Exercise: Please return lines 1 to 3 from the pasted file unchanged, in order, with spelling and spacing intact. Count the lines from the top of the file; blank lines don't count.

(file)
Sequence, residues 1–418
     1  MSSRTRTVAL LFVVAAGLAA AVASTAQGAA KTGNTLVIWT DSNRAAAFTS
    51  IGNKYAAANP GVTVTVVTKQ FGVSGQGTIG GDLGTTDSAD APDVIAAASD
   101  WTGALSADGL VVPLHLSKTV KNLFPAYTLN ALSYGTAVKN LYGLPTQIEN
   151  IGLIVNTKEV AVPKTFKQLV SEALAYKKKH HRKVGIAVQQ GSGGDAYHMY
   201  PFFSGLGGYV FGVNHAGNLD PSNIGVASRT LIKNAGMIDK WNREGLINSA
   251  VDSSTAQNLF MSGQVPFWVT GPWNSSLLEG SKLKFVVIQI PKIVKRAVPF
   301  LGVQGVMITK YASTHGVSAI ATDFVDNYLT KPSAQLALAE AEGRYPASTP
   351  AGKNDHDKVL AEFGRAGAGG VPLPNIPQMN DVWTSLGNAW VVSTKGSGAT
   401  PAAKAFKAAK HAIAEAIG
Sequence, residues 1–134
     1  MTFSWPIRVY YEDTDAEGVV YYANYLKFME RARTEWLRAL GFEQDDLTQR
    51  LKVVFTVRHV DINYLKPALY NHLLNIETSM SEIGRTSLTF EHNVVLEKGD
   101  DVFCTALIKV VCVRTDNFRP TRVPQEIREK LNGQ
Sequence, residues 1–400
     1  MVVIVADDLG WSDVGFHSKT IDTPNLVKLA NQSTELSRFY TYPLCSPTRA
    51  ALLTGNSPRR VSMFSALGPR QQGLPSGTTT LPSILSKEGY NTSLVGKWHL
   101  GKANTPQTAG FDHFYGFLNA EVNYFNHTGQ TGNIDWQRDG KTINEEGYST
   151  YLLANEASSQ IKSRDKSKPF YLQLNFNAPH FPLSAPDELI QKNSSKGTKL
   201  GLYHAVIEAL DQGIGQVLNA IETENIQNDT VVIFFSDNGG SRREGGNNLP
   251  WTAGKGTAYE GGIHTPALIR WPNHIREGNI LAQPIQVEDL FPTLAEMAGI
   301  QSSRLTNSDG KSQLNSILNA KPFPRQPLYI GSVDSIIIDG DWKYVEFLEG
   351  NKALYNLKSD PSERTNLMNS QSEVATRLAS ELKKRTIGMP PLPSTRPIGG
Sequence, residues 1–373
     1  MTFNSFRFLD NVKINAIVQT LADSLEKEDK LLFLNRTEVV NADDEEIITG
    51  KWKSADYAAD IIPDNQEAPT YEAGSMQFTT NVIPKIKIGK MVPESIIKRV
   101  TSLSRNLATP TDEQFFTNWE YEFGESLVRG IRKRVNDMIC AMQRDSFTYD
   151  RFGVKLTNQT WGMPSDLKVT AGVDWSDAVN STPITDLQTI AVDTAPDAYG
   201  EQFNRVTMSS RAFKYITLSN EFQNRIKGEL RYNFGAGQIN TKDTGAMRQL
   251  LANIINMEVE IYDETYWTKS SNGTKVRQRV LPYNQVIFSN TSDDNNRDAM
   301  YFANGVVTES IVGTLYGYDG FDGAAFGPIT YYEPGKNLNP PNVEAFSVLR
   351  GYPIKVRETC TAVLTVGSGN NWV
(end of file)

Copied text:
Sequence, residues 1–418
     1  MSSRTRTVAL LFVVAAGLAA AVASTAQGAA KTGNTLVIWT DSNRAAAFTS
    51  IGNKYAAANP GVTVTVVTKQ FGVSGQGTIG GDLGTTDSAD APDVIAAASD